Social Feeding and its Impacts on Mouthpart Development

Kayli Sieber

Authors:  Kayli R. Sieber, Sara Zlotnik, Christine W. Miller

Faculty Mentor:  Christine W. Miller

College:  College of Agricultural and Life Sciences


Juvenile animals are often less successful in acquiring nutrition than adults as their feeding traits are still developing. Furthermore, in most animal species, adults do not provide food to their offspring, and therefore, juveniles must compete with adults for food. Developmental plasticity in feeding traits may be an important adaptation promoting juvenile survival in competitive environments, but social impacts on feeding morphology have rarely been investigated. Here we examine how adult presence affects morphological development in the leaf-footed cactus bug Narnia femorata (Hemiptera: Coreidae). Juveniles of this species are limited in their feeding potential as their piercing-sucking mouthparts are shorter than those of adults, but whether feeding near adults can impact their developing mouthparts is unknown. To investigate this, we raised juveniles in groups containing either an unrelated adult or no adult. Juveniles reared with an adult nearby developed longer mouthparts relative to their body size than those raised without adults. This suggests that plasticity in mouthpart length is a potential adaptation that juveniles use to compete effectively with larger adults. Our study aids in our understanding of animal development and the strategies used by juvenile animals to overcome environmental challenges.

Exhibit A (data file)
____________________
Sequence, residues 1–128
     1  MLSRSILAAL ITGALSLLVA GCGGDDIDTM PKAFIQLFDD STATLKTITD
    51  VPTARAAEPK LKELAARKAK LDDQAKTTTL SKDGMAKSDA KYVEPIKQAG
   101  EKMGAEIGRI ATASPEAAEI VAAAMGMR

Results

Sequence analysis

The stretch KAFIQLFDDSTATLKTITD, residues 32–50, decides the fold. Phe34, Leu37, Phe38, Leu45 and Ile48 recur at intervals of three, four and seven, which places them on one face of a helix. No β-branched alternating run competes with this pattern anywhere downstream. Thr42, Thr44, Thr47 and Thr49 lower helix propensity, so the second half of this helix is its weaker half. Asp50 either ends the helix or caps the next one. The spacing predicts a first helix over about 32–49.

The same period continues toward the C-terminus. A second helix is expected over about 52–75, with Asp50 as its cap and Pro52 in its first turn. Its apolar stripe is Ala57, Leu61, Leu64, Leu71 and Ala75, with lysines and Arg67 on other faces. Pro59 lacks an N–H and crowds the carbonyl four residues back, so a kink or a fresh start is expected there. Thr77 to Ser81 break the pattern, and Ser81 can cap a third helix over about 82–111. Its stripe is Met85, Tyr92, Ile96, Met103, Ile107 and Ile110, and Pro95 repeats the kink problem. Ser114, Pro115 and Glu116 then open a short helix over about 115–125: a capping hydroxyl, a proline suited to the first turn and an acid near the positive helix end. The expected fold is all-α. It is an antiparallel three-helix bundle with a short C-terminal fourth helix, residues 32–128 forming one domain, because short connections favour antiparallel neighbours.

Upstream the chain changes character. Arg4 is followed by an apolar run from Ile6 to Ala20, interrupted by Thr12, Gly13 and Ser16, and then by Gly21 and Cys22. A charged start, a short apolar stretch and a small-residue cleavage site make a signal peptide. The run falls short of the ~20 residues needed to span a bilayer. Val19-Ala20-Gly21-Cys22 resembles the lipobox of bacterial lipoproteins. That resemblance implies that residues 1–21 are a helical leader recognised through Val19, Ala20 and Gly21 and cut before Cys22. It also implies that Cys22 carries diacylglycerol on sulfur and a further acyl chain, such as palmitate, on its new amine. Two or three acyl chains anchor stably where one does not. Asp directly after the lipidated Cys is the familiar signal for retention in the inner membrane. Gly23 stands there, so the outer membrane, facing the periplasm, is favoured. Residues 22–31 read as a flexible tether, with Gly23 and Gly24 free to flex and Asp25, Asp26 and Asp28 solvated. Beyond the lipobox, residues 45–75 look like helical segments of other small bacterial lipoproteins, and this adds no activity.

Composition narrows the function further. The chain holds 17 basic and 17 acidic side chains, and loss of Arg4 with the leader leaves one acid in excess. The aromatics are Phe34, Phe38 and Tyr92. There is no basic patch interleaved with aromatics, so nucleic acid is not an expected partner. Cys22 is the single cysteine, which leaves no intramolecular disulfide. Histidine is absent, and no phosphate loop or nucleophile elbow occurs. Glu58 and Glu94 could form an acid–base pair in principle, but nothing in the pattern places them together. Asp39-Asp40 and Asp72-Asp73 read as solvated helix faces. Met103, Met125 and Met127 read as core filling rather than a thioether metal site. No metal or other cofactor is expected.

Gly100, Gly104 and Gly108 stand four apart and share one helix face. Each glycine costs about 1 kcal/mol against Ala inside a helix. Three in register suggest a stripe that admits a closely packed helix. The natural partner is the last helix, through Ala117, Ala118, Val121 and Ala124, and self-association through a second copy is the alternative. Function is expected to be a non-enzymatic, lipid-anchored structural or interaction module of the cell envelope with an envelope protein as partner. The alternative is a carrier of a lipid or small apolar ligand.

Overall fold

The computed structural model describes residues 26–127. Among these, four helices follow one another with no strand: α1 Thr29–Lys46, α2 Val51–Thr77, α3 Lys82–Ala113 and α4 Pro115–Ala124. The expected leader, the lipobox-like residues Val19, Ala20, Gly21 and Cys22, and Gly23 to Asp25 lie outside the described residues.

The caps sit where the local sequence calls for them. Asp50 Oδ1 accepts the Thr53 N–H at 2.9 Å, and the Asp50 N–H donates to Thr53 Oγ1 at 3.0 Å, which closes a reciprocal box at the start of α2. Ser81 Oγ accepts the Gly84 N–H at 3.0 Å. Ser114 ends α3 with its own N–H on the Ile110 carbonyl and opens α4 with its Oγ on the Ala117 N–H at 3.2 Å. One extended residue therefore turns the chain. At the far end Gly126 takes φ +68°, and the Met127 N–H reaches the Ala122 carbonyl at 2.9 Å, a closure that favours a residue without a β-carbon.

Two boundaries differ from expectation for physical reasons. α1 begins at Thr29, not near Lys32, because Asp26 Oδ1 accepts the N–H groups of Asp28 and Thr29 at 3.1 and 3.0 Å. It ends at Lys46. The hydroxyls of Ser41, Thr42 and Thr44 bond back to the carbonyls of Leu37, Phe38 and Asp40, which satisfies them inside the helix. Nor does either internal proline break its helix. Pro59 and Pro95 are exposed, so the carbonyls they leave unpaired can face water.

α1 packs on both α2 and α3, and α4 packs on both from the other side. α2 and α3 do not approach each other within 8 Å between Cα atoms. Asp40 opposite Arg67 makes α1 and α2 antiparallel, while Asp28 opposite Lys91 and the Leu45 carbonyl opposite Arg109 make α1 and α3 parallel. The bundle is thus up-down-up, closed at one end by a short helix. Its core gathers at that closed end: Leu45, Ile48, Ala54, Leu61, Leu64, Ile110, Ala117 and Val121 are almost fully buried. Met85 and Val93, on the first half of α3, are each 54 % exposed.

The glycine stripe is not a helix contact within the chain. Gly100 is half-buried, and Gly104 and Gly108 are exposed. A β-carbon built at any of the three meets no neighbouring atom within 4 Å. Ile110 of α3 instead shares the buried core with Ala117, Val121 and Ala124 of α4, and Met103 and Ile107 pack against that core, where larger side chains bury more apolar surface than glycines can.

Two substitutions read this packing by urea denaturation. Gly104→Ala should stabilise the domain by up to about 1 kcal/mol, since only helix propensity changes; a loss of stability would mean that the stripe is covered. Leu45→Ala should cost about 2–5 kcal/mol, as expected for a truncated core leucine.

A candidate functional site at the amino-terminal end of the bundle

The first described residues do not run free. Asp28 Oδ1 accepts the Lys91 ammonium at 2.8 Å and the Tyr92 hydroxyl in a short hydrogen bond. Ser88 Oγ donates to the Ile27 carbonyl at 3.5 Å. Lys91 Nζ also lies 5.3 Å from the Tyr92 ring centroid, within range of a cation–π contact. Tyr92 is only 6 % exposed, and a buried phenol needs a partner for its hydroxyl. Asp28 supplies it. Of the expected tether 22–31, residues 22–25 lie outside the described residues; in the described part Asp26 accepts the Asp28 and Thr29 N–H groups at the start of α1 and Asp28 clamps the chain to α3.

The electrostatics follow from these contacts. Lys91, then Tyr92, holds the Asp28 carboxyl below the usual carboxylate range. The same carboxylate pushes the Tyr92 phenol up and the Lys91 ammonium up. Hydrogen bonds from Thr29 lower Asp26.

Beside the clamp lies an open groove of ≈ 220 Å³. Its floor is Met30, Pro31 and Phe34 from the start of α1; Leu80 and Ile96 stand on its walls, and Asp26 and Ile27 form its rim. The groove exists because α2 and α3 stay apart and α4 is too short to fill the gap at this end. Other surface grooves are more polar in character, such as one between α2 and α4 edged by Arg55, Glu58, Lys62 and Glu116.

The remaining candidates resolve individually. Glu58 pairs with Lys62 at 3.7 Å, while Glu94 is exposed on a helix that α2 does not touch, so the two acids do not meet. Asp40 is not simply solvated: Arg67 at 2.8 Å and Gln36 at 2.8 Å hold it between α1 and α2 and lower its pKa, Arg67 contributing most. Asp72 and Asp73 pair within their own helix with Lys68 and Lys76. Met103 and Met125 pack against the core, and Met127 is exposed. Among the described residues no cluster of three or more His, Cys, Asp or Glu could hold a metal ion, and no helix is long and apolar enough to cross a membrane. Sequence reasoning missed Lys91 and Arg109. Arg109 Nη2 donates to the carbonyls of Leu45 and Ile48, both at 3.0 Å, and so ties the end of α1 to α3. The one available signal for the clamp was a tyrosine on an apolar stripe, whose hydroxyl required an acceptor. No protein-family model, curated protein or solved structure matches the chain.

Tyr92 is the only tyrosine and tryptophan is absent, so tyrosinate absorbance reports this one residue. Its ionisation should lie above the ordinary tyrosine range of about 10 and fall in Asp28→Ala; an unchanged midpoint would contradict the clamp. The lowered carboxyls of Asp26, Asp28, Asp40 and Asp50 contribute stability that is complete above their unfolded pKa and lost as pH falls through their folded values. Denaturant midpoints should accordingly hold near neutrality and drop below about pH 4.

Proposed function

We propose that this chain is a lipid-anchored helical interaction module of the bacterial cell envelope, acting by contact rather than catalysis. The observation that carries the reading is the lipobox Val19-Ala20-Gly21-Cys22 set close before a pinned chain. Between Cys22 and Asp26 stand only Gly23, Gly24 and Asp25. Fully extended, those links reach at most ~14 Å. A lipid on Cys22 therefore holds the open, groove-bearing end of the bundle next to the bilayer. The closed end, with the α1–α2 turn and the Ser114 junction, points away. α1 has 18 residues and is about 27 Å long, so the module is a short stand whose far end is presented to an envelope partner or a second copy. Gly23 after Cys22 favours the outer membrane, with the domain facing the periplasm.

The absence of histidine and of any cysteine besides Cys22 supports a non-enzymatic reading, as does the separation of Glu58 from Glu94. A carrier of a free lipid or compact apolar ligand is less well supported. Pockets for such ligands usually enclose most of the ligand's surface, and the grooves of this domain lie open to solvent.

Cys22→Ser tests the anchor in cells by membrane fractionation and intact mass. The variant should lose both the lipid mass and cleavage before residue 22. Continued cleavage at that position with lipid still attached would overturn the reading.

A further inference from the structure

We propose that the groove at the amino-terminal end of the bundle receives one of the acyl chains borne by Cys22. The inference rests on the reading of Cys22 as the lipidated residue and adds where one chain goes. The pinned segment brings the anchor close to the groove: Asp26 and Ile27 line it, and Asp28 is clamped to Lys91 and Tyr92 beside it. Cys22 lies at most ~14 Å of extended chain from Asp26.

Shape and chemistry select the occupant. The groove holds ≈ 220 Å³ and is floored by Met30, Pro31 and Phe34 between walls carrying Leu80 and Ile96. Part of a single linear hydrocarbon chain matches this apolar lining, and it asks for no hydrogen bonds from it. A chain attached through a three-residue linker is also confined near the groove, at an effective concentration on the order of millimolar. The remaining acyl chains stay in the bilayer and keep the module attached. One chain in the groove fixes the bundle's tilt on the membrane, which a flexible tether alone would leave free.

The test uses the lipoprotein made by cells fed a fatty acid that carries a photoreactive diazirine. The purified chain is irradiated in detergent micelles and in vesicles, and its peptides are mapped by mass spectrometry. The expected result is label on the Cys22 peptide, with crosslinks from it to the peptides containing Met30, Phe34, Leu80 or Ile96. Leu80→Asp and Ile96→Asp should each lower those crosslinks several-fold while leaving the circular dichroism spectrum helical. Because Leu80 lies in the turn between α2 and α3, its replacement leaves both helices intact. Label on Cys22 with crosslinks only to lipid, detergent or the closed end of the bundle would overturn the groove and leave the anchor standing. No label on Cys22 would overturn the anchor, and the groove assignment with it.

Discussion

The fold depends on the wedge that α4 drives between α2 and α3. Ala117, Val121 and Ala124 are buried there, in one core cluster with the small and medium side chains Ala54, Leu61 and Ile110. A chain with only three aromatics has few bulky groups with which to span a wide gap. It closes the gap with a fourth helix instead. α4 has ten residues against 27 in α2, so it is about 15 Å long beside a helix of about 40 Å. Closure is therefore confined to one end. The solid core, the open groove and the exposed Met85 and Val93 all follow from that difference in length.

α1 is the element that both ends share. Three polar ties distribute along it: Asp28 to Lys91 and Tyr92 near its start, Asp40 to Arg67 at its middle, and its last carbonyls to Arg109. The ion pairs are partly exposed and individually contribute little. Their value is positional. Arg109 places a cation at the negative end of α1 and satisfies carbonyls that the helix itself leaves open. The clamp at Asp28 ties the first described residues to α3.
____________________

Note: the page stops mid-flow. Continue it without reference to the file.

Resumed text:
Poster Pitch

Click the video below to view the student's poster pitch.


Click the image to enlarge.
9 Responses
  1. Caroline Miller

    Hi Kayli,

    First, this was an excellent presentation and I really like your poster! I think the results of your research are particularly interesting as there was no effect on body size. However, upon further examination, the trait that is directly affected by the introduction of an adult is the rostrum length, which as you mention is a more plastic trait when compared to body size. I think it’s intriguing how social feeding induces some “healthy” competition for juveniles, as the longer rostrum lengths most certainly (I would think) assist and/or be advantageous for juveniles throughout their life (compared to having a shorter one). Your research really got me thinking! Great job!

  2. Sara Zlotnik

    Hi Kayli, that was a great presentation video! It was super clear and concise and very well explained!